Friday, August 8, 2014

Cookie Mugs and Other Mugs

I decided to throw some mugs with low temp clay and test out some glazes. I bought three commercial glazes a year ago with plans to make some functional work. Actually, I had plans to make some cookie mugs. 

me want cookie (in the bottom, see)
I made a few cookie mugs last year but took on a complicated glazing process that had mixed results. I used shapes cut out of tape as a resist for contrasting layers of underglaze or naked ceramic. Some of these pieces worked well, others were less impressive.

impressive: my favorite resist tape bowl. I actually spent a lot of time on it

The problems mostly stemmed from trying to get too tricky. On a few pieces I painted underglaze on the whole piece, then used some car detailing tape (thin tape) to cover over the first layer of underglaze. applied a second layer over the top of the first underglaze, but when I used light underglaze over dark, four or five coats of the light color weren't sufficient to block out the dark color underneath. 

not impressive: kids, always remember not to put yellow over blue or red

This year I tried a few touch ups on the streaky yellow coats, but even after another firing or two, the yellow still looks a mess. This time around, I decided to test out the new glazes without messing around too much with underglaze layers.

the lazy girl's answer to the carefully resisted bowl above

Besides my standby clear glaze, I used three different Amaco glazes designed for low temperatures, Camel, Green Float and Burnt Orange.  I tried Camel and Green Float on on two of the mugs without any tape resist. The Camel was mixed up better--the other two had settled badly during the year they sat in the studio--and therefore sprayed on thicker.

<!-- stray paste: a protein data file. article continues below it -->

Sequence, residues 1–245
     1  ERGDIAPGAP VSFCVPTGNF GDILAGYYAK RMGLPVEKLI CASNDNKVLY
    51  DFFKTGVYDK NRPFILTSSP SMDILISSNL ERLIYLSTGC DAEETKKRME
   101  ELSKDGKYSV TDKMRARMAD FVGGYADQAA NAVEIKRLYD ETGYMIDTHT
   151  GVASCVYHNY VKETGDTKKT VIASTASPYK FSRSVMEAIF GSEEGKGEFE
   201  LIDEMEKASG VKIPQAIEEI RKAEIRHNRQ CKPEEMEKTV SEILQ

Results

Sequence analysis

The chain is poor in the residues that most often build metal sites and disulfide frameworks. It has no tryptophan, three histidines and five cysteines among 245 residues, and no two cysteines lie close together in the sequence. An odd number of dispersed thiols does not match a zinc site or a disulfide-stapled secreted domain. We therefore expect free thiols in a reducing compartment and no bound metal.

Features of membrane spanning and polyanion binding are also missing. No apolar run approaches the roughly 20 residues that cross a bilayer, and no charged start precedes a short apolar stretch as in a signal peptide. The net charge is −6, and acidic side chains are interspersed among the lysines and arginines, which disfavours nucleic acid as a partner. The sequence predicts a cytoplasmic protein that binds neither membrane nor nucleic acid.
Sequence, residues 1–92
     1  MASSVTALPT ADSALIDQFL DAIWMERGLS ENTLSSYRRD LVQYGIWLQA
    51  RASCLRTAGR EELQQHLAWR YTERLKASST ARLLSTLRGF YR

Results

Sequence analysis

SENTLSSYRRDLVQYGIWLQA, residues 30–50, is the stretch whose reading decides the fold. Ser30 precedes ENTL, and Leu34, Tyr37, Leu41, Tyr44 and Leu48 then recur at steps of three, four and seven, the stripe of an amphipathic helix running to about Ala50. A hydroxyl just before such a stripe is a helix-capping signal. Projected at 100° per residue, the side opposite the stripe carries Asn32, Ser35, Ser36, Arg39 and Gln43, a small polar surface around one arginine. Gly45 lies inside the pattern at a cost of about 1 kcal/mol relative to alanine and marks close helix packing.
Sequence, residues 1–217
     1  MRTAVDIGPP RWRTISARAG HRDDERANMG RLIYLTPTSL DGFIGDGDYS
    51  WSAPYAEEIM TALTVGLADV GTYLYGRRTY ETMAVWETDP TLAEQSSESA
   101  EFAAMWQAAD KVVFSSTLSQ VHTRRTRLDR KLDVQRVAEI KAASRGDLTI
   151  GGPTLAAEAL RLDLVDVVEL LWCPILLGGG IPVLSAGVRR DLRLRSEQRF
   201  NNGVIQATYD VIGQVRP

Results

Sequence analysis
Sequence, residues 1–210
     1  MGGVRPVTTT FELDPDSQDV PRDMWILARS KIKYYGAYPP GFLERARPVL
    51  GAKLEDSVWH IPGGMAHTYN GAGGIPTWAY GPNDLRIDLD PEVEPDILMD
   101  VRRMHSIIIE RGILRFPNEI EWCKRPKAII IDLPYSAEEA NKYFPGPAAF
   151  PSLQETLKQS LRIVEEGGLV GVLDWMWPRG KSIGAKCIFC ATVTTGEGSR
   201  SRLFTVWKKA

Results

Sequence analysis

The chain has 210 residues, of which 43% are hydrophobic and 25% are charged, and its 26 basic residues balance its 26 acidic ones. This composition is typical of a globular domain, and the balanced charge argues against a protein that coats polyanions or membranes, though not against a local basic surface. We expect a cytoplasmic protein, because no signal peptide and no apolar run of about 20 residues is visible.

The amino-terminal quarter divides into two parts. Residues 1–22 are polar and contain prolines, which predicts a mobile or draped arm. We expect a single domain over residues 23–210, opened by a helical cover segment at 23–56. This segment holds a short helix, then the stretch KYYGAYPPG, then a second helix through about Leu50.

Resisted Burnt Orange with Green Float overspray; Resisted Green Float with something? over it; plain Camel with Camel drips from rim

I also tried all the glazes with various tape resists patterns. To save time, and because I was mostly experimenting, I mostly used the detailing tape to make my resist designs. On some I sprayed the glaze, then removed the tape and added a little spray of clear to seal the surface and make it smooth. On others, I sprayed a second color on once I had removed the tape.

Resisted Camel with clear spray over it and the other side of the resist Green Float and ? from above

As it turned out, I preferred all the glazes where they reacted with the clear glaze or the second colored glaze sprayed over the top but I also kind of like the resist patterns, especially on the straight walled cookie mugs. 

Green Float with clear and Camel with clear (back of cookie mugs)

One thing I neglected to do was take a picture of the cookie mugs with cookies in the bottom. They make more sense in winter, but they're for cocoa (or tea or coffee) in the top and you can take your cookie (or madeline or biscotti) with you into the other room without a plate. I haven't actually tried them for real as of this writing, but once this post is published, they might be up in Michigan for a field test.

mmm, that looks like space for three cookies

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